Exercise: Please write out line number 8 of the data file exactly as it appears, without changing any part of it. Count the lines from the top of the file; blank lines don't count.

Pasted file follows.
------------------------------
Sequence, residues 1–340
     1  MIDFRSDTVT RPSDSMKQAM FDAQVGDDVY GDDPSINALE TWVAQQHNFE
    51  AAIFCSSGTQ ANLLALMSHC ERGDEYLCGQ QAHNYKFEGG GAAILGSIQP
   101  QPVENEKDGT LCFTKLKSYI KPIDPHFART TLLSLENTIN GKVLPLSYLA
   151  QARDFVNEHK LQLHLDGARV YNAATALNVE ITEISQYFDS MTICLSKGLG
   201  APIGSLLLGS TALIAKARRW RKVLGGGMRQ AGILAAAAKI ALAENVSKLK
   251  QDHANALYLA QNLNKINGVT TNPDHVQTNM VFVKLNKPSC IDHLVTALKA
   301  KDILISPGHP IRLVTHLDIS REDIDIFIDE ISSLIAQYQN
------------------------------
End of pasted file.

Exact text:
   301  KDILISPGHP IRLVTHLDIS REDIDIFIDE ISSLIAQYQN